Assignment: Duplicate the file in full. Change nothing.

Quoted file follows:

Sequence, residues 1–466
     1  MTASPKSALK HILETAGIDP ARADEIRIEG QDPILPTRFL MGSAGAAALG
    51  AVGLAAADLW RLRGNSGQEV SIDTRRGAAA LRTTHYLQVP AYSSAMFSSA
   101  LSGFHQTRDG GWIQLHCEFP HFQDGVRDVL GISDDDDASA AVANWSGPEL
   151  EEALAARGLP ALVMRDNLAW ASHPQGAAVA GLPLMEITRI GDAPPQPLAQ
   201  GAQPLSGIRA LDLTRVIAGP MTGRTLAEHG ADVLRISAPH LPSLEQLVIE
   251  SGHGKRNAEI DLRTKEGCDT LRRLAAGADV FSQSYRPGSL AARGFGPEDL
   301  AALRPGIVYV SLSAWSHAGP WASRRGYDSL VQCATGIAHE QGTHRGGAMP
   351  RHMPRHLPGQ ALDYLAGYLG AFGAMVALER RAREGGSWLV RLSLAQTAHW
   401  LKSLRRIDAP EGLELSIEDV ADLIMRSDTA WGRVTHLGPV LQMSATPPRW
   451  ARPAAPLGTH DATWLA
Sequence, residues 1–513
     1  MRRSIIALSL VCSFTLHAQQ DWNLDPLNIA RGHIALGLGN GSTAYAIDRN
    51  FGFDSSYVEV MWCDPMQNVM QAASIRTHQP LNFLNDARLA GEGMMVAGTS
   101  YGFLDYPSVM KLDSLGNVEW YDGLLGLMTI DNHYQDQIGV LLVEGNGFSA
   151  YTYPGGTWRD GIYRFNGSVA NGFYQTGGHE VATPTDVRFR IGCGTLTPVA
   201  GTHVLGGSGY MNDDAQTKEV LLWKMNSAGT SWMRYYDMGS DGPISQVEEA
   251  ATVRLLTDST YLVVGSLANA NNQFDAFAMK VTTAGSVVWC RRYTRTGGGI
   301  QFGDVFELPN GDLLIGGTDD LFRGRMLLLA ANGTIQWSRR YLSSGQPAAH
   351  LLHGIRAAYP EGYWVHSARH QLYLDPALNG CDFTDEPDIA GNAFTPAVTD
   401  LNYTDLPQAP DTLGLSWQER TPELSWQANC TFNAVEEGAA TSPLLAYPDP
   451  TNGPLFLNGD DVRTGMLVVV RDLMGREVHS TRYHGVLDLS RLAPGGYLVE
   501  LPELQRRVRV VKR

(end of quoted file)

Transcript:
Sequence, residues 1–466
     1  MTASPKSALK HILETAGIDP ARADEIRIEG QDPILPTRFL MGSAGAAALG
    51  AVGLAAADLW RLRGNSGQEV SIDTRRGAAA LRTTHYLQVP AYSSAMFSSA
   101  LSGFHQTRDG GWIQLHCEFP HFQDGVRDVL GISDDDDASA AVANWSGPEL
   151  EEALAARGLP ALVMRDNLAW ASHPQGAAVA GLPLMEITRI GDAPPQPLAQ
   201  GAQPLSGIRA LDLTRVIAGP MTGRTLAEHG ADVLRISAPH LPSLEQLVIE
   251  SGHGKRNAEI DLRTKEGCDT LRRLAAGADV FSQSYRPGSL AARGFGPEDL
   301  AALRPGIVYV SLSAWSHAGP WASRRGYDSL VQCATGIAHE QGTHRGGAMP
   351  RHMPRHLPGQ ALDYLAGYLG AFGAMVALER RAREGGSWLV RLSLAQTAHW
   401  LKSLRRIDAP EGLELSIEDV ADLIMRSDTA WGRVTHLGPV LQMSATPPRW
   451  ARPAAPLGTH DATWLA
Sequence, residues 1–513
     1  MRRSIIALSL VCSFTLHAQQ DWNLDPLNIA RGHIALGLGN GSTAYAIDRN
    51  FGFDSSYVEV MWCDPMQNVM QAASIRTHQP LNFLNDARLA GEGMMVAGTS
   101  YGFLDYPSVM KLDSLGNVEW YDGLLGLMTI DNHYQDQIGV LLVEGNGFSA
   151  YTYPGGTWRD GIYRFNGSVA NGFYQTGGHE VATPTDVRFR IGCGTLTPVA
   201  GTHVLGGSGY MNDDAQTKEV LLWKMNSAGT SWMRYYDMGS DGPISQVEEA
   251  ATVRLLTDST YLVVGSLANA NNQFDAFAMK VTTAGSVVWC RRYTRTGGGI
   301  QFGDVFELPN GDLLIGGTDD LFRGRMLLLA ANGTIQWSRR YLSSGQPAAH
   351  LLHGIRAAYP EGYWVHSARH QLYLDPALNG CDFTDEPDIA GNAFTPAVTD
   401  LNYTDLPQAP DTLGLSWQER TPELSWQANC TFNAVEEGAA TSPLLAYPDP
   451  TNGPLFLNGD DVRTGMLVVV RDLMGREVHS TRYHGVLDLS RLAPGGYLVE
   501  LPELQRRVRV VKR